A poetry book review by Lesley Ayers
by Mary Oliver
Beacon Press (2007)
Soft cover US$14.00
I first met the work of Mary Oliver when a friend lent me a copy of Why I Wake Early (2004). Her lyrical poetry expressed a great thankfulness for creation, and joy in the beauty and wonder of the world. It seemed that here I had found a modern day psalmist. Yet I wondered at the time, whether Oliver had a personal relationship with the God of creation.
So it was with delight that I opened a copy of Thirst to find in it poems that are overtly Christian.
Oh, feed me this day, Holy Spirit, with
the fragrance of the fields and the
freshness of the oceans which you have
made, and help me to hear and to hold
in all dearness those exacting and wonderful
Words of our Lord Christ Jesus, saying:
from "Six Recognitions of the Lord"
Mary Oliver was born in Ohio in 1935 and her illustrious career spans five decades. She has had numerous works published and received many awards such as the Pulitzer Prize for Poetry. The New York Times has pronounced her “far and away, this country's (America’s) best-selling poet."
Nature is the greatest inspiration for her poetry. “Poet Mary Oliver is an indefatigable guide to the natural world," wrote Maxine Kumin in Women's Review of Books.
Accessibility and simple language are hallmarks of Oliver’s work. She has an intimate, conversational style. “In an age when so many writers build walls between themselves and their readers, Oliver opens windows,” says Dara Mandle in her article “Nature Rules.”
Thirst opens with the declaration, “My work is loving the world” ("Messenger"). It closes with the title poem, “Thirst,” where “Love for the earth and love for you* are having such a long conversation in my heart”. In the pages between, the reader is invited in to hear that conversation. (* "you" refers to God)
There is a dual theme in Thirst. Alongside the growth of Mary Oliver’s faith the book also explores grief, as her partner of 40 years—and her literary agent—Molly Malone Cook died in 2005. While her lifestyle choice may not sit comfortably with some Christians, it’s to be hoped that they will still be able to appreciate her work, and her faith journey.
Oliver gently challenges with her fresh perspectives:
Belief isn’t always easy.
But this much I have learned—
…to live with my eyes open
from "In The Storm "
The reader is encouraged to really be aware. “Have you noticed?” is a frequent question.
Oliver says of prayer:
a contest but the doorway
into thanks, and a silence in which
another voice may speak
Oliver talks of longing to be quiet before God:
When will my heart stop its prancing?
Lord I would run for you,
…I would climb the highest tree
To be that much closer
Eventually she hopes to become:
…like the wanderer who has come home at last
and kneels in peace, done with all unnecessary things;
every motion; even words.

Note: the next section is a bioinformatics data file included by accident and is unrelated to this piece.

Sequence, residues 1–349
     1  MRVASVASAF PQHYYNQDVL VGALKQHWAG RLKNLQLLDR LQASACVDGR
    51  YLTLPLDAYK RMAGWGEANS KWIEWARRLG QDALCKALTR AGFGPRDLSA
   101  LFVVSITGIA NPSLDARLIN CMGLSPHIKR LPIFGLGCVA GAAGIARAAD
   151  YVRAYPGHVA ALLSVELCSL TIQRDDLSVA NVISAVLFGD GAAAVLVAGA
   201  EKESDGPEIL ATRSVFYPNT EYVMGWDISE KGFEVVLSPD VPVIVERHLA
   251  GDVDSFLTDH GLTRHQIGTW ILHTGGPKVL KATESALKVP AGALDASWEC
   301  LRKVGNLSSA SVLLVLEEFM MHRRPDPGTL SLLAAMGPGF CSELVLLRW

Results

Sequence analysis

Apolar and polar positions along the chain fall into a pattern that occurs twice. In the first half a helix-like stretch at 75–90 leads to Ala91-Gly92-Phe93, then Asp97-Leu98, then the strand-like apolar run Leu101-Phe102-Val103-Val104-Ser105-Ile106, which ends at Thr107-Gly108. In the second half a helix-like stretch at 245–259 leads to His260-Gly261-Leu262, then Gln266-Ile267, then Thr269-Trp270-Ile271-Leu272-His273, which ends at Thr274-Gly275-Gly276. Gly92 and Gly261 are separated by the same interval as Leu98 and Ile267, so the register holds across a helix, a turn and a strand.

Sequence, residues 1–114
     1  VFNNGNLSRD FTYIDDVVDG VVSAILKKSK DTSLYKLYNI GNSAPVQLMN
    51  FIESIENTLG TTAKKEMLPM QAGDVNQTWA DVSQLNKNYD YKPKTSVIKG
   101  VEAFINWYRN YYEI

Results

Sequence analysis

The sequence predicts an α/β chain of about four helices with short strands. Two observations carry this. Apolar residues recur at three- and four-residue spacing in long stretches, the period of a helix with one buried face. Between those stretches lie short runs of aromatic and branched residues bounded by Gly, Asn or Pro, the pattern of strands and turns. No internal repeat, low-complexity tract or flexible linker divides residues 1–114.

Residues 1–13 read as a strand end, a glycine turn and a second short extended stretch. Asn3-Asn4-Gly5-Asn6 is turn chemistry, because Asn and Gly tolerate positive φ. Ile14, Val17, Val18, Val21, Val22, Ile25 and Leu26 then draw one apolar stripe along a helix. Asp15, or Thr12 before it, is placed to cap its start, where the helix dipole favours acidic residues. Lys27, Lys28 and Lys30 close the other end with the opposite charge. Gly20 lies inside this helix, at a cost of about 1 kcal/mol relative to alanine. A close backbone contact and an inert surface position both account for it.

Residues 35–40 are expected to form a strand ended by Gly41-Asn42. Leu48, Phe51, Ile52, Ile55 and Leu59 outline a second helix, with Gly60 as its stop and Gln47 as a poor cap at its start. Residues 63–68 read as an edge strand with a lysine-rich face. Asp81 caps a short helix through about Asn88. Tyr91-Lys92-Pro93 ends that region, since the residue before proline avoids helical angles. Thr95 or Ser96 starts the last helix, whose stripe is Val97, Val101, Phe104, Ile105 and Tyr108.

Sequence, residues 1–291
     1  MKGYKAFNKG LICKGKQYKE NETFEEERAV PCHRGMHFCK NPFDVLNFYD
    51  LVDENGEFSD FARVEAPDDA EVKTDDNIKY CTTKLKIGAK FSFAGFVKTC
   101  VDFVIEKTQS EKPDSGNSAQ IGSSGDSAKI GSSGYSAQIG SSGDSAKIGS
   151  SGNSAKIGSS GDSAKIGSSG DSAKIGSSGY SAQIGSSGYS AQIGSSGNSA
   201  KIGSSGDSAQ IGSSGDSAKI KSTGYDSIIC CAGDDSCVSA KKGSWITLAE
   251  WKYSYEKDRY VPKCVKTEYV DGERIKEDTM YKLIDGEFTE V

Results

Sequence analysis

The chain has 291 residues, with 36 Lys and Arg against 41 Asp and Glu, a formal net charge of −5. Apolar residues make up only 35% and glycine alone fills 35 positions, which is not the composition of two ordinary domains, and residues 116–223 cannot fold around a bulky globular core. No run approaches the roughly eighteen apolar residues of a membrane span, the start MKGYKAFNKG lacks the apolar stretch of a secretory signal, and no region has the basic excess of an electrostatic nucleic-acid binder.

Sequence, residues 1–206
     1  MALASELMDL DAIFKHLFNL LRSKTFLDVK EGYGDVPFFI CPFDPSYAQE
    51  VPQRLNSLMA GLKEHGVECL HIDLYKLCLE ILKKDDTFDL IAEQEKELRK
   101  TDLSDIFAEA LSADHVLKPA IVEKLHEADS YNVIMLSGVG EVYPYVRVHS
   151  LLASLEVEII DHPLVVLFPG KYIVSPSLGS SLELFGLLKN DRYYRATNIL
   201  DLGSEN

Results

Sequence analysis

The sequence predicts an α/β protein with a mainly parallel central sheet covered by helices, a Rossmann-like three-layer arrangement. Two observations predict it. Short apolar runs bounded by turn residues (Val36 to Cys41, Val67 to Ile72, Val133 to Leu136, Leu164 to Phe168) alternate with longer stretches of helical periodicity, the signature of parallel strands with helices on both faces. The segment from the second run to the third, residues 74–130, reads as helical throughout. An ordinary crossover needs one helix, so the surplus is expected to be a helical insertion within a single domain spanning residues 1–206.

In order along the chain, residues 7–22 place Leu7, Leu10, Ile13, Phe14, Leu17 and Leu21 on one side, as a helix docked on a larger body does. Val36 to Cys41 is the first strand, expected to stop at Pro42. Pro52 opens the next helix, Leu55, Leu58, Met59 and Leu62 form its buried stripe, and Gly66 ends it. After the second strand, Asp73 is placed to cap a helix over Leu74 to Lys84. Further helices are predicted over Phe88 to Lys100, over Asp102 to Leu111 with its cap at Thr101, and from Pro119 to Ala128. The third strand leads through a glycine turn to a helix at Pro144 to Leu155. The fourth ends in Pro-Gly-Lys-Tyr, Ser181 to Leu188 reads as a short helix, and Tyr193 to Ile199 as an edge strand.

from “Coming to God: First Days"
There is a repeated awareness that—in her relationship with God—words are superfluous or inadequate.
"Gethsemane" is a poem of beauty and compassion:
Jesus said, wait with me. And maybe the stars did, maybe
The wind wound itself into a silver tree, and didn’t move…
the lake….where once he walked…..
lay still and waited, wild awake.
Oh the dear bodies slumped and eye-shut, that could not
keep that vigil, how they must have wept,
so utterly human, knowing this too
must be a part of the story.
There continue to be echoes of the Psalms:
Lord, when I sleep I feel you near.
When I wake, and you are already wiping the stars away,
I rise quickly…
from “More Beautiful that the Honey…"
Oliver sometimes stuns with simplicity. In "Percy (Four)"—titled for her dog—she captures the numbness of bereavement.
I went to church.
I walked on the beach
and played with Percy.
I answered the phone
and paid the bills.
I did the laundry…
Oliver's poetry has a seemingly effortless flow of rhythm and cadence. In the delightful images throughout Thirst,—such as an “uproar of mice”, a “muddle of birds,” and black ducks being “shrugged up on the shore”—she takes the ordinary and transforms it.
I have focused on one poem to illustrate Oliver’s use of rhythm and language. “Walking Home from Oak-Head” describes a walk in snowy woods. The rhythm in the first stanza and her use of line break gives weight to the opening phrase:
There is something
about the snow-laden sky
followed by the soothing, slowing repeat of
In the late afternoon.
This is enhanced by her phrase
…the lovely meaninglessness
as the reader enters the quiet world with her.
She uses alliteration frequently as in “something, snow-laden, sky “ and echoes vowel sounds “laden, late, elation."
The snow is personified as it begins to fall:
at first casually,
On arriving home:
I’ll stand in the doorway
stamping my boots and slapping my hands,
covered with stars.
The “stamping and slapping” has vigor and pace, yet in the skilled slowing of last two lines Oliver brings the poem to a place of transcendence.
There have been criticisms of her work. Her Christian stance has annoyed some readers. Others feel she preaches too much, or focuses on what they see as trivia in the light of world crises. Yet Harvard Review maintains that “Mary Oliver’s poetry is an excellent antidote for the excesses of civilization”.
For me, her work sings, consoles, challenges and delights. Thirst has definitely joined my “by the bed” selection of works to be dipped into, and be refreshed by.